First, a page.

Urinary cell mRNA profiles and differential diagnosis of acute kidney graft dysfunction. Academic Article uri icon

Overview

MeSH Major

  • Graft Rejection
  • Kidney Transplantation
  • Primary Graft Dysfunction
  • RNA, Messenger

abstract

  • Noninvasive tests to differentiate the basis for acute dysfunction of the kidney allograft are preferable to invasive allograft biopsies. We measured absolute levels of 26 prespecified mRNAs in urine samples collected from kidney graft recipients at the time of for-cause biopsy for acute allograft dysfunction and investigated whether differential diagnosis of acute graft dysfunction is feasible using urinary cell mRNA profiles. We profiled 52 urine samples from 52 patients with biopsy specimens indicating acute rejection (26 acute T cell-mediated rejection and 26 acute antibody-mediated rejection) and 32 urine samples from 32 patients with acute tubular injury without acute rejection. A stepwise quadratic discriminant analysis of mRNA measures identified a linear combination of mRNAs for CD3ε, CD105, TLR4, CD14, complement factor B, and vimentin that distinguishes acute rejection from acute tubular injury; 10-fold cross-validation of the six-gene signature yielded an estimate of the area under the curve of 0.92 (95% confidence interval, 0.86 to 0.98). In a decision analysis, the six-gene signature yielded the highest net benefit across a range of reasonable threshold probabilities for biopsy. Next, among patients diagnosed with acute rejection, a similar statistical approach identified a linear combination of mRNAs for CD3ε, CD105, CD14, CD46, and 18S rRNA that distinguishes T cell-mediated rejection from antibody-mediated rejection, with a cross-validated estimate of the area under the curve of 0.81 (95% confidence interval, 0.68 to 0.93). Incorporation of these urinary cell mRNA signatures in clinical decisions may reduce the number of biopsies in patients with acute dysfunction of the kidney allograft.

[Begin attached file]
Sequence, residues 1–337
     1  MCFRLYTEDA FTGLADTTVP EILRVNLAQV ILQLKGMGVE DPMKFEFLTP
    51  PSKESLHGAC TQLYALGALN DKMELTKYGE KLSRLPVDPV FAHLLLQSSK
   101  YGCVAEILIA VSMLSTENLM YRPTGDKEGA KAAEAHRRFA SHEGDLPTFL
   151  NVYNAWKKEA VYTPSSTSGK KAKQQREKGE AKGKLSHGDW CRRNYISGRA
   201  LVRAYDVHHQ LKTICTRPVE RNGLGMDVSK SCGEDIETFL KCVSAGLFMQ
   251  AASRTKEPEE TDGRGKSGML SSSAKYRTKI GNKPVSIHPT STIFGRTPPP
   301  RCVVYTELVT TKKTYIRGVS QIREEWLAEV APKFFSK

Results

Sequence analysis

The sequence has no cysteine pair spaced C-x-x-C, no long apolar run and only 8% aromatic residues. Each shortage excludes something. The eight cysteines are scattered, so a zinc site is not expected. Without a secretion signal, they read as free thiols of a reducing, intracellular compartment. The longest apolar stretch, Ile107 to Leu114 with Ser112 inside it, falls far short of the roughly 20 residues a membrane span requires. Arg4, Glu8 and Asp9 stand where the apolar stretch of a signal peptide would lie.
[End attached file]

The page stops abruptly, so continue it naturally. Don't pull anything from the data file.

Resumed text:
publication date

  • January 2014

Research

keywords

  • Academic Article

Identity

Language

  • eng

PubMed Central ID

  • PMC4073438

Digital Object Identifier (DOI)

  • 10.1681/ASN.2013080900

PubMed ID

  • 24610929

Additional Document Info

start page

  • 1586

end page

  • 97

volume

  • 25

number

  • 7